23rd Mar 2017 09:03:PM Editorials
Eastern Sentinel Arunachal News

           Despite expansion of infrastructure and systems for providing healthcare service throughout the state, “Health for All”, in Arunachal Pradesh is still a distant dream for the people.

With a low population density, the department of Health and Family Welfare should have been able to make available health care facilities in a socially equitable, accessible and affordable manner. However, the department despite the centre pumping huge sums and despite adopting the central government’s norms, guidelines, policies and programmes has miserably failed.

One of the reasons for the lack of development of healthcare sector in the state is blamed on geographical factors and connectivity problems especially in terms of surface connectivity.

Despite that, it can be safely said that health infrastructure in the state especially in remote and rural areas has remained inadequate to cater to the needs of the people considering the low density of population.

To cater to healthcare of people in remote areas, the government has been setting up Public Health and Community Health Centres, dispensaries but it has been too little too less.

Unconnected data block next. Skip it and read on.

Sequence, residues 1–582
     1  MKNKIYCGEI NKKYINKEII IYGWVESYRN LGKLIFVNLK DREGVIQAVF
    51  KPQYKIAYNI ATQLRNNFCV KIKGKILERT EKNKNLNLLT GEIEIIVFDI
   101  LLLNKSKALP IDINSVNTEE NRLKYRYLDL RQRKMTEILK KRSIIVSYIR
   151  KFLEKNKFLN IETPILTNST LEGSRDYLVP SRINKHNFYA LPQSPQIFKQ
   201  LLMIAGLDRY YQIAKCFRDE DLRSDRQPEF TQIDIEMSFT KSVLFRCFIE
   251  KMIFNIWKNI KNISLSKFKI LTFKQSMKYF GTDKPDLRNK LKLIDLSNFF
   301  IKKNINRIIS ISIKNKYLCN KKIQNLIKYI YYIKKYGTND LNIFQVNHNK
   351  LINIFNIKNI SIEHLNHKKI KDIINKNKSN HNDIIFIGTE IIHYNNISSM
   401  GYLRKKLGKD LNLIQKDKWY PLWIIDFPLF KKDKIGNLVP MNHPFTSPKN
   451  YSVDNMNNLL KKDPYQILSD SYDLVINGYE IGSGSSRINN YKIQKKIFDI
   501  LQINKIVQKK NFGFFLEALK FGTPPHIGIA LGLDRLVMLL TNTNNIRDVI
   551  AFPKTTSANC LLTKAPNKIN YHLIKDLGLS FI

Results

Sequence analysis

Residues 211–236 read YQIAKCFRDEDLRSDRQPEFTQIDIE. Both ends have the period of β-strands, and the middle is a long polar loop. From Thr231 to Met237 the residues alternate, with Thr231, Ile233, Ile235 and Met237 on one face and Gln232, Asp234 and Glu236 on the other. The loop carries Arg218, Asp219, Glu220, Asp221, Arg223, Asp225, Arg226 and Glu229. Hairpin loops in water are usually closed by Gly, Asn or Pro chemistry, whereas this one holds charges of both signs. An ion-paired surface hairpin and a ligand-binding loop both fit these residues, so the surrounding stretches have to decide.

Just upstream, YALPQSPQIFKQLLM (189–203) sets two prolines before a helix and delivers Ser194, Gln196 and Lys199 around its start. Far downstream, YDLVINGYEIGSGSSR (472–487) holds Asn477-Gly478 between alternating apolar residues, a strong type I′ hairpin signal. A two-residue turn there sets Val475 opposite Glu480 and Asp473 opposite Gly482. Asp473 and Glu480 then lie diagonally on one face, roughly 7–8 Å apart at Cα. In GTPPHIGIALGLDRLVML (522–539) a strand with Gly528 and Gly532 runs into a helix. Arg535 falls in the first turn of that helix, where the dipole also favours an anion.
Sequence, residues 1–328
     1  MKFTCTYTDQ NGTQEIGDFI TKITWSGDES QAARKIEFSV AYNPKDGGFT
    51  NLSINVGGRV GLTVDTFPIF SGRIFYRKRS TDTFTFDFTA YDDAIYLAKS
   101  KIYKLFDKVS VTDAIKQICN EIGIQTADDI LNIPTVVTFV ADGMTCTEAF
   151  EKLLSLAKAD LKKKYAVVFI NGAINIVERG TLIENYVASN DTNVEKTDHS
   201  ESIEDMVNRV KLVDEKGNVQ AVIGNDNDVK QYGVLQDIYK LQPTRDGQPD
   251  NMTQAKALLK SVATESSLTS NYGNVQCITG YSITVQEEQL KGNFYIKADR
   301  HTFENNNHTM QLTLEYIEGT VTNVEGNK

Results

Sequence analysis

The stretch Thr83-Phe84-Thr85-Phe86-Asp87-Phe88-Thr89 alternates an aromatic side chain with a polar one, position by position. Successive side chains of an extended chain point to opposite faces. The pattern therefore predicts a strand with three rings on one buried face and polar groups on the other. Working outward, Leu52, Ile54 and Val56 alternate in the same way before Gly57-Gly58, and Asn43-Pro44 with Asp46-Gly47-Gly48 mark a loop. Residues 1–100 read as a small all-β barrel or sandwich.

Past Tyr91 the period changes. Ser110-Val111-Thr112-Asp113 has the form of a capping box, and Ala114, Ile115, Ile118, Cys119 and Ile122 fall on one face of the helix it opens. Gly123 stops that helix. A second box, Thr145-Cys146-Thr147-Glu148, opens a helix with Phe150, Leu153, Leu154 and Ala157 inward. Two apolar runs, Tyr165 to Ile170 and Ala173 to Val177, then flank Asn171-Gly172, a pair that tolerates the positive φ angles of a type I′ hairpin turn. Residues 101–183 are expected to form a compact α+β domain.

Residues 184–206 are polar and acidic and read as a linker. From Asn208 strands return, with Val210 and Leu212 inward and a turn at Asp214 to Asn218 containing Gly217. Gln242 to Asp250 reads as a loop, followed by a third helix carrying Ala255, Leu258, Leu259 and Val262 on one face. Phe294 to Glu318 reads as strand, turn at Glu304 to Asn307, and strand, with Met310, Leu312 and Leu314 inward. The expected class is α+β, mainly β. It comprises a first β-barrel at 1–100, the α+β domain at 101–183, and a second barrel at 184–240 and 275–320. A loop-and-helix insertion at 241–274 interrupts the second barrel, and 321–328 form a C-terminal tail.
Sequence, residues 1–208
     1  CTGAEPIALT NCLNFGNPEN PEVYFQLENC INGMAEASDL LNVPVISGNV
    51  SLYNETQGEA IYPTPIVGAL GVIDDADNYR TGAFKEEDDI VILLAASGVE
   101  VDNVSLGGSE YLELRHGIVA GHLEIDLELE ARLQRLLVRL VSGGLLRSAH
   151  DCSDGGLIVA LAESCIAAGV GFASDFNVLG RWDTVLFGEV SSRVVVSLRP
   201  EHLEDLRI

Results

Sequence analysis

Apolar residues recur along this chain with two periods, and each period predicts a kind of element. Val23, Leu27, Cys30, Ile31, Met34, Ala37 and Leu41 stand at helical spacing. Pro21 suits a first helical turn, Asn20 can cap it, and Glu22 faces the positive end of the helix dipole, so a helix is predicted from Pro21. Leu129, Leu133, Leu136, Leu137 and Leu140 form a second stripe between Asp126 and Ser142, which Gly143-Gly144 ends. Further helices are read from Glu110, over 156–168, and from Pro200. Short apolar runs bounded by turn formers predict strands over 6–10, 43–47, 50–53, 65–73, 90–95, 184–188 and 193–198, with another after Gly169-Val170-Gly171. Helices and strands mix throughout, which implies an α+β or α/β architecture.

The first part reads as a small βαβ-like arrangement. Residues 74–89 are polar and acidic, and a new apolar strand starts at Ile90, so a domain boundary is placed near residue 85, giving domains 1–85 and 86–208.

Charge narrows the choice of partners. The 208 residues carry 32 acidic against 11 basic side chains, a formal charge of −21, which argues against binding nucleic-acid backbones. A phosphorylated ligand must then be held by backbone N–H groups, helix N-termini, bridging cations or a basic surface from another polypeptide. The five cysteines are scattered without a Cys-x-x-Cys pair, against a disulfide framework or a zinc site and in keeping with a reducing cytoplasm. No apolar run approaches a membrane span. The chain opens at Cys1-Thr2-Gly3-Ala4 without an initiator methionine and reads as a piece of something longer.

However, the expansion of services is not been backed by providing health personnel like doctors, ANMs and other health personnel in addition to non- stocking of life saving drugs.

There is also shortage of all categories of health personnel except doctors. The state also suffers from acute shortage of specialist doctors and critical shortage of ANMs.

Another interesting facet of the health sector in our state is the shortfall of Public Health Centre. At present a PHC is to serve an area of 2981 sq. kms and Sub-Centre an area of 186 sq. km. Moreover, there is requirement of about 356 health centres whereas 286 health centres are presently in place, a shortfall of 70.

In such a scenario, spread of diseases like malaria, tuberculosis, diarrhoeal diseases, hepatitis, water borne diseases etc which results in high mortality especially among children in rural areas in addition to communicable disease and nutritional deficiency is but understandable.

Ideally, the department of Health and Family Welfare, which at the moment is in dire straits must take a leaf out of private hospitals and manage its affairs in a more professional way as they are dealing with lives of people.

Kenter Joya Riba

(Managing Editor)
      She is a graduate in Science with post graduation in Sociology from University of Pune. She has been in the media industry for nearly a decade. Before turning to print business, she has been associated with radio and television.
Email: kenterjoyaz@easternsentinel.in / editoreasternsentinel@gmail.com
Phone: 0360-2212313

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